Sunday, March 8, 2015

Review: Unfinished Business

Image courtesy of 20th Century Fox.
I can only assume the title here is referring to the jokes that appear to be missing from the film. "Unfinished Business" is a comedy, so I'm told, but it's one that barely provokes a smile, much less a laugh. Vince Vaughn is a funny guy, so it's a shame to see him saddled with such a poor vehicle for his talents. Hopefully, his turn in this year's second season of "True Detective" will help to make it easier to forget this misfire.

In the film, Vaughn plays a businessman who confronts his cutthroat boss (Sienna Miller) during the opening sequence and storms out to create his own business, a la "Jerry Maguirre." But rather picking up a fellow employee and love interest, he nabs Tom Wilkinson's Timothy, who has been fired due to his age, and Mike Pancake (Dave Franco), who failed to impress during a job interview with Vaughn's company, most likely because he comes off as partially insane. Also, the repetition of Mike's last name is apparently meant to be a joke, which breaks Roger Ebert's First Law of Funny Names (look it up).

A year after forming their own company, the trio travel first to Maine and then to Germany to close a deal with a smarmy executive (James Marsden) and find themselves, not surprisingly, in direct competition with the company they all previously fled.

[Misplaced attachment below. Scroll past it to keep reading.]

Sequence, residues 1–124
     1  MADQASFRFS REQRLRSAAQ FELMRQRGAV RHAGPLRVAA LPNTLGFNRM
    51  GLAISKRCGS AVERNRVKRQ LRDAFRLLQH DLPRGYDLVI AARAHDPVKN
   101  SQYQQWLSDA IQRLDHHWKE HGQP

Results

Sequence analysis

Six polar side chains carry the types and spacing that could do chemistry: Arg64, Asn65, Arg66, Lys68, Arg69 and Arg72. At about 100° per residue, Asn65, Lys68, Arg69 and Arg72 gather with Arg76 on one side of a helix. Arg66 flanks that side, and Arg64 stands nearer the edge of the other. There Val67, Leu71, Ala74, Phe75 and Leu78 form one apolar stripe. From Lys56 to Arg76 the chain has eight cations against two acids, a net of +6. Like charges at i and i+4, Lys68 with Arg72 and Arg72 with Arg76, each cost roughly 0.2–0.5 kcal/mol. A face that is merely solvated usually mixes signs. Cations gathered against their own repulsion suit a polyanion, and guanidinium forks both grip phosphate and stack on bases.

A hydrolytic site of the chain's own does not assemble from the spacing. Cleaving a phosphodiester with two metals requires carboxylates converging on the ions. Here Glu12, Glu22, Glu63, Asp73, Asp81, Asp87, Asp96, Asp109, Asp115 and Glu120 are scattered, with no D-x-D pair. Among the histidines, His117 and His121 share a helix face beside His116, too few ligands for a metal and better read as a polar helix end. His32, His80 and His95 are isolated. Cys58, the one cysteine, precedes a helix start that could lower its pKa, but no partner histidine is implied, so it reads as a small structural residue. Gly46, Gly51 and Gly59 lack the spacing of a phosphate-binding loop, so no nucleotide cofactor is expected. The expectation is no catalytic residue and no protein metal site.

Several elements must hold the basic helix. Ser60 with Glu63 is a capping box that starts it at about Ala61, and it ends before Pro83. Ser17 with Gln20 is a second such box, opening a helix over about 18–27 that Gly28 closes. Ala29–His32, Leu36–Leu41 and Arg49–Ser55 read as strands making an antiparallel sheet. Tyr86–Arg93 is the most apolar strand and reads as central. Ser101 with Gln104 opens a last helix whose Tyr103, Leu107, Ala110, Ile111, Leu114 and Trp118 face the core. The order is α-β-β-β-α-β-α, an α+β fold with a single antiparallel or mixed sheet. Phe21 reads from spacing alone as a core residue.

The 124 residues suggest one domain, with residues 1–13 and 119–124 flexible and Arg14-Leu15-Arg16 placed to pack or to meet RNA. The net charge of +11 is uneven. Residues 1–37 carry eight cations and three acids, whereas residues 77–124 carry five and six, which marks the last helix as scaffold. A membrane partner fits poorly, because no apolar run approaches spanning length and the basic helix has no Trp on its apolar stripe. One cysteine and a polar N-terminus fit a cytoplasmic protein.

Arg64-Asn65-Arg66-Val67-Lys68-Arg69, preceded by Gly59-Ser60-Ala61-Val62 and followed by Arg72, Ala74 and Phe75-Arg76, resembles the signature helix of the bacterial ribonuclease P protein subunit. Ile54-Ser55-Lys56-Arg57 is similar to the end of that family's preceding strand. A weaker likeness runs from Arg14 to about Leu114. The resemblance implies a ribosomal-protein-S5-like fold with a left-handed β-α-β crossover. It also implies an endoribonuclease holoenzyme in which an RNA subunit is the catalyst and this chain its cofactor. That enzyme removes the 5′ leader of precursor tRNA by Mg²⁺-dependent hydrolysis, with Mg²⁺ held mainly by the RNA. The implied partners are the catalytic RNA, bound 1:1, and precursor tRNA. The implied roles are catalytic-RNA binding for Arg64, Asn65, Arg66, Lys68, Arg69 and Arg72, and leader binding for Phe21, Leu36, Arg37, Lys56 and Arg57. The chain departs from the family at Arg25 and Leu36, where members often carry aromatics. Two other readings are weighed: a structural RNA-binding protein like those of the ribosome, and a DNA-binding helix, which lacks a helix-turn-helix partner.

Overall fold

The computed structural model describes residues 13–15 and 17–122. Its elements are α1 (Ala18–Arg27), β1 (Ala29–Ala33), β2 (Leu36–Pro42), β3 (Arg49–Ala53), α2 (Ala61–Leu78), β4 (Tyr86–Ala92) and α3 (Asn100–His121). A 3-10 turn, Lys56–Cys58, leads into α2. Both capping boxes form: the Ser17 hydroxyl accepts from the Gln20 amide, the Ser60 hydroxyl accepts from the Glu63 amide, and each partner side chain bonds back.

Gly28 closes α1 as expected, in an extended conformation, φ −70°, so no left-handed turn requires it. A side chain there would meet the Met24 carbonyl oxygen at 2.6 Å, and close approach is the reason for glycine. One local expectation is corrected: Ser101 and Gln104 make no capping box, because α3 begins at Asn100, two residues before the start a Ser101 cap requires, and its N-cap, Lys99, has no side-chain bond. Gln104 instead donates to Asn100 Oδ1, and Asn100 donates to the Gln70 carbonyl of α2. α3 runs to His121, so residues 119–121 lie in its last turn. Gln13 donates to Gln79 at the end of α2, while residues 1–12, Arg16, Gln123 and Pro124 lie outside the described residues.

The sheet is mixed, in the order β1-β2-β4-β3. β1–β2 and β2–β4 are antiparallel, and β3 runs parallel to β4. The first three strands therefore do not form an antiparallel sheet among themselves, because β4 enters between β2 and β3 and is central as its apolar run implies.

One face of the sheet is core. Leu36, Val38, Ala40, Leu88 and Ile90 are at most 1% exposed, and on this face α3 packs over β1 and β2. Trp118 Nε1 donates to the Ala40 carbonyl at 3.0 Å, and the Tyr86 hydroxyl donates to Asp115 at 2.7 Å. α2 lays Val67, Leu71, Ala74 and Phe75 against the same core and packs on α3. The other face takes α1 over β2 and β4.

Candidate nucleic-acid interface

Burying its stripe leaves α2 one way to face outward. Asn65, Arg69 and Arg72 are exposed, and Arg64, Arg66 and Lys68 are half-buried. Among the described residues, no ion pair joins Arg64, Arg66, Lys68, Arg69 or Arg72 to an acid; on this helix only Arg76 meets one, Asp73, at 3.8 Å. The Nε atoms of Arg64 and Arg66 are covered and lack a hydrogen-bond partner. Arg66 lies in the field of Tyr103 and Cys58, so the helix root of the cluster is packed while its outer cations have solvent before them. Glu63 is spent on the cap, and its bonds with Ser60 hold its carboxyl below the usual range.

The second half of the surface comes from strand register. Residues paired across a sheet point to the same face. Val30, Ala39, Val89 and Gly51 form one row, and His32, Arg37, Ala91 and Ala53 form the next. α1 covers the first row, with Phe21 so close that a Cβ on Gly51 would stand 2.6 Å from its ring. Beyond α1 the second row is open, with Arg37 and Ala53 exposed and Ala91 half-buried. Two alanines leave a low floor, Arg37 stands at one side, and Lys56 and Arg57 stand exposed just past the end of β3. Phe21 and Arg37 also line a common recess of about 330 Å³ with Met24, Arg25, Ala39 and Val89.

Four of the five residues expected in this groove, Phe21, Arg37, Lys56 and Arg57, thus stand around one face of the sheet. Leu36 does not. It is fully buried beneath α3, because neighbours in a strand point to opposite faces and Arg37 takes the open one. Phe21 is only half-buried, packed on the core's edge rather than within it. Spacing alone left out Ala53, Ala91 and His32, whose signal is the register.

Meanwhile, Vaughn's family is seemingly falling to pieces in his absence. His son is being teased due to his weight and his daughter is having problems of her own. One of the script's biggest failings is its cross-cutting between the raunchy antics of Vaughn and his cohorts (a glory hole sequence, two drunk men slapping each other and a scene in a nude sauna) and the sappy scenes in which Vaughn attempts to deal with family issues. The problem is the raunchy scenes are not particularly funny and the dramatic ones are not persuasive.

In the film, Vaughn plays a variation of his basically decent guy in a midlife crisis, while Franco's character seems to be the Man Who Fell to Earth. Wilkinson, a great actor, is forced to play the dirty old man character and the best the script's writers appear to have been able to come up with for him is a role-playing scene with a maid that is more awkward than funny.

There are talented people involved in this film and my hope is they will move on to better things. "Unfinished Business" is an early contender for being one of the year's worst.

No comments:

Post a Comment